Corporate powers line up behind Georgia’s new Attorney General

Attorney General Chris Carr raised nearly $250,000 in the two months since he was appointed the state’s top attorney with the help of corporate powers, establishment Republicans and at least one potential adversary.

Facing a potential 2018 challenge from his right flank, Carr has quickly tried to build up a campaign war chest since he replaced Sam Olens on Nov. 1. One of the first donations he received was a $1,000 check from Sen. Johnny Isakson, his mentor and former boss.

His donors include some outspoken opponents of the “religious liberty” measure that dominated statehouse debate last year. The measure’s top supporter, Republican state Sen. Josh McKoon, is not seeking another term in the Legislature and is considered a likely candidate for Carr’s job.



Georgia Power and its executives pumped nearly $10,000 into his campaign, and the Alston & Bird law firm, the Altria tobacco and food giant and several leaders of the Georgia Wholesale Co. beer distributor each maxed out with $6,600 campaign contributions.

So did former state Rep. BJ Pak, an ex-federal prosecutor who was considering a campaign for Attorney General before Carr’s appointment. He shifted $6,600 from a legislative campaign account to Carr, and several attorneys in his law firm ponied up as well.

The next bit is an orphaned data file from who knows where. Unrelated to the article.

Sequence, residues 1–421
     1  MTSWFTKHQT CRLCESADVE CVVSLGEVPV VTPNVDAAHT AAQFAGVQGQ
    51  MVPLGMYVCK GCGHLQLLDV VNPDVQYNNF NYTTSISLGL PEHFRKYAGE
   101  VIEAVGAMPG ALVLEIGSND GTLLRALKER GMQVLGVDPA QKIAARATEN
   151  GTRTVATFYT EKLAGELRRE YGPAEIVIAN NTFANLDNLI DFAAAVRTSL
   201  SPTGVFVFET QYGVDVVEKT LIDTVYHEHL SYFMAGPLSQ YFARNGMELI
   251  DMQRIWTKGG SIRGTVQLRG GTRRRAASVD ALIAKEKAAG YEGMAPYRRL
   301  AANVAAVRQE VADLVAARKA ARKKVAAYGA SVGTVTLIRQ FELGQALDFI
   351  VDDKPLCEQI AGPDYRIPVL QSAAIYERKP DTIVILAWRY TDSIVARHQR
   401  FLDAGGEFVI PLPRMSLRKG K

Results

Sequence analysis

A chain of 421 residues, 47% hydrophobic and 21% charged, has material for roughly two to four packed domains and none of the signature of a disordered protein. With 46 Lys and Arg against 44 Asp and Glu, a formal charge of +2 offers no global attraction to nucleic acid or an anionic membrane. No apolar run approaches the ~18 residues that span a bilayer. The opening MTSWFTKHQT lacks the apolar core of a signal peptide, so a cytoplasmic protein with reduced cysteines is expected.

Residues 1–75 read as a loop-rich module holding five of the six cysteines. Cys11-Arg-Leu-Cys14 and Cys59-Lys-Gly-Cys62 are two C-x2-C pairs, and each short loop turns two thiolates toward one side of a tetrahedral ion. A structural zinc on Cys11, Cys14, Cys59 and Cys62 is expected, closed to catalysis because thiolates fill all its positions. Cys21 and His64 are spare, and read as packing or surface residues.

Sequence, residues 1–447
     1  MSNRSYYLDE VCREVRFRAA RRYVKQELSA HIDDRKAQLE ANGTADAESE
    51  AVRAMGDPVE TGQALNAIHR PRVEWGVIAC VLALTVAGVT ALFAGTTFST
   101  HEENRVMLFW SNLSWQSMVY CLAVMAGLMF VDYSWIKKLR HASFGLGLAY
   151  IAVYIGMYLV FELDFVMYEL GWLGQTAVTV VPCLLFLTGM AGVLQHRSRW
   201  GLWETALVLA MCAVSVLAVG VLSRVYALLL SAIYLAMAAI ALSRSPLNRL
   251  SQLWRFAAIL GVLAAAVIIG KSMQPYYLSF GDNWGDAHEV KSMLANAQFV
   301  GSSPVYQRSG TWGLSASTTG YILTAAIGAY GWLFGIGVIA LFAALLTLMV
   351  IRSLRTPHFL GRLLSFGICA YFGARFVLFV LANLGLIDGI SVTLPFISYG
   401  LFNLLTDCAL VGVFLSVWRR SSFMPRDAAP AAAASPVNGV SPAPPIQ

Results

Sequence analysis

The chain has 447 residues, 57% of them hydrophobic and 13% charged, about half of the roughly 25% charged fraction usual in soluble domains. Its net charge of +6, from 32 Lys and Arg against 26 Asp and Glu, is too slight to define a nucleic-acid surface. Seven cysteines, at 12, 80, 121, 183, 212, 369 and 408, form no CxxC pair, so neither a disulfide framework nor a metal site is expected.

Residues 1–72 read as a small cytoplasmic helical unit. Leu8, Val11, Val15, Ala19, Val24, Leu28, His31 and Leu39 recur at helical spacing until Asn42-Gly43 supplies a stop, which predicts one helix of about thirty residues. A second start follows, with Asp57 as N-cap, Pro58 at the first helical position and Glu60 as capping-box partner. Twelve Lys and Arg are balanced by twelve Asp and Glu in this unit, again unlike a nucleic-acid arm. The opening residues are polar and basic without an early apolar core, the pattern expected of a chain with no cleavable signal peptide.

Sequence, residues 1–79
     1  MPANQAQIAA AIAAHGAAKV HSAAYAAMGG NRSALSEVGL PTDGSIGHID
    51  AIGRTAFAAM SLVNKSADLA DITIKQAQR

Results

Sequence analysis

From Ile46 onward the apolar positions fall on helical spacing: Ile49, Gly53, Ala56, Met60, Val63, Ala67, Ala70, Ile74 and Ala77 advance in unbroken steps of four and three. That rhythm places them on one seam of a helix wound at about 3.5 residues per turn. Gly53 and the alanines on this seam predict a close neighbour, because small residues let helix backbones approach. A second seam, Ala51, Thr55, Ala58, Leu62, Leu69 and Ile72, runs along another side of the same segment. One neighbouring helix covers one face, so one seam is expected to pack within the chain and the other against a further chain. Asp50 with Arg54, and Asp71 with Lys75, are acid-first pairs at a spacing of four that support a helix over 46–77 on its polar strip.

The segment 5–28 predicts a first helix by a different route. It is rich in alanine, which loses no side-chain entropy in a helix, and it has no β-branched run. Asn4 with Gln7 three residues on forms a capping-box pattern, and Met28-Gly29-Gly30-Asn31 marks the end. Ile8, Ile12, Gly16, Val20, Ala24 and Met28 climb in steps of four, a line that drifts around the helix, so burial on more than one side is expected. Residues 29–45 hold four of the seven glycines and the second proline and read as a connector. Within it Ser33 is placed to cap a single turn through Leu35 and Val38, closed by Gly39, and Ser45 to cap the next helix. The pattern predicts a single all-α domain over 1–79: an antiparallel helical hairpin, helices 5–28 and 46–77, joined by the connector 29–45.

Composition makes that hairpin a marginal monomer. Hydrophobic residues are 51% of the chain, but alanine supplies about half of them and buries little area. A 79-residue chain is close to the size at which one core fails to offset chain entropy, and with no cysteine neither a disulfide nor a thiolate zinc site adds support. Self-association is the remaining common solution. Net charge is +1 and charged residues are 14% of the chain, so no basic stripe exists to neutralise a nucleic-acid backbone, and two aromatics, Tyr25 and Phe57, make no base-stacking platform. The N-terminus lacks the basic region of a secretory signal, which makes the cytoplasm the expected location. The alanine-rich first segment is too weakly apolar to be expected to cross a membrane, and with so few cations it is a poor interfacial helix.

One of them is Doug Chalmers, who is representing former Insurance Commissioner John Oxendine in a case involving ethics charges that is being handled by Carr’s office.

Carr’s retinue of donors also includes lobbyist Brad Alexander, former U.S. Sen. Saxby Chambliss, Southern Co. executive Hank Linginfelter and Intercontinental Exchange chief executive Jeff Sprecher.

Several current and former state legislators dug into their pockets for his campaign, including state Rep. Christian Coomer and former state Sen. Charlie Bethel. The Dalton attorney shifted $6,000 from two accounts to Carr on Nov. 8 – the day before he was tapped as a state appeals court judge.

Other statewide officials filed campaign disclosures this week, and most have kept a stockpile of campaign cash as they decide whether to run for re-election in 2018.

Secretary of State Brian Kemp, who is considering a bid for governor, has about $134,000 in his campaign account. Insurance Commissioner Ralph Hudgens, who has yet to decide whether he’ll run for another four-year term, has about $167,000 in cash on hand.

Labor Commissioner Mark Butler tallied about $70,000 remaining in his account, while Agriculture Commissioner Gary Black has $40,000.

Lt. Gov. Casey Cagle reported about $80,000 in yet to report his contributions; he is considered an early front-runner in the GOP race to succeed Gov. Nathan Deal.

The governor, who cannot run for a third term, has all but wiped out his campaign coffers. His campaign reported about $25,000 left in his account.

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